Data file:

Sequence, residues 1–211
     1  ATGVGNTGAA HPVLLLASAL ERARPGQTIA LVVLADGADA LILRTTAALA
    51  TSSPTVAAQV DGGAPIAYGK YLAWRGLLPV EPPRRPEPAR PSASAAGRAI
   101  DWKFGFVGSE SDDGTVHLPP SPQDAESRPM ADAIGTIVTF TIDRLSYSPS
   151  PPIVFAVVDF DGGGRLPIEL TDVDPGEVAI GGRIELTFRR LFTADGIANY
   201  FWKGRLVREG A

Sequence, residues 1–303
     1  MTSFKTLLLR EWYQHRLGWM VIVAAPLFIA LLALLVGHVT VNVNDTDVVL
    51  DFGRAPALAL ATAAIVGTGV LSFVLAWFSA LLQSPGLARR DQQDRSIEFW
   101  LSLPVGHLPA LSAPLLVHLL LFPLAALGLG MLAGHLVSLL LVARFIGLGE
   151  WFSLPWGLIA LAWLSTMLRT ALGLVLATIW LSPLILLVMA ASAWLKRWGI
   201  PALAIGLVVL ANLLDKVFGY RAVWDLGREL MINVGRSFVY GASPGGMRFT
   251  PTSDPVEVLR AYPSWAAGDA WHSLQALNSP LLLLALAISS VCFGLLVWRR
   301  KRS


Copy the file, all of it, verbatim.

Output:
Sequence, residues 1–211
     1  ATGVGNTGAA HPVLLLASAL ERARPGQTIA LVVLADGADA LILRTTAALA
    51  TSSPTVAAQV DGGAPIAYGK YLAWRGLLPV EPPRRPEPAR PSASAAGRAI
   101  DWKFGFVGSE SDDGTVHLPP SPQDAESRPM ADAIGTIVTF TIDRLSYSPS
   151  PPIVFAVVDF DGGGRLPIEL TDVDPGEVAI GGRIELTFRR LFTADGIANY
   201  FWKGRLVREG A

Sequence, residues 1–303
     1  MTSFKTLLLR EWYQHRLGWM VIVAAPLFIA LLALLVGHVT VNVNDTDVVL
    51  DFGRAPALAL ATAAIVGTGV LSFVLAWFSA LLQSPGLARR DQQDRSIEFW
   101  LSLPVGHLPA LSAPLLVHLL LFPLAALGLG MLAGHLVSLL LVARFIGLGE
   151  WFSLPWGLIA LAWLSTMLRT ALGLVLATIW LSPLILLVMA ASAWLKRWGI
   201  PALAIGLVVL ANLLDKVFGY RAVWDLGREL MINVGRSFVY GASPGGMRFT
   251  PTSDPVEVLR AYPSWAAGDA WHSLQALNSP LLLLALAISS VCFGLLVWRR
   301  KRS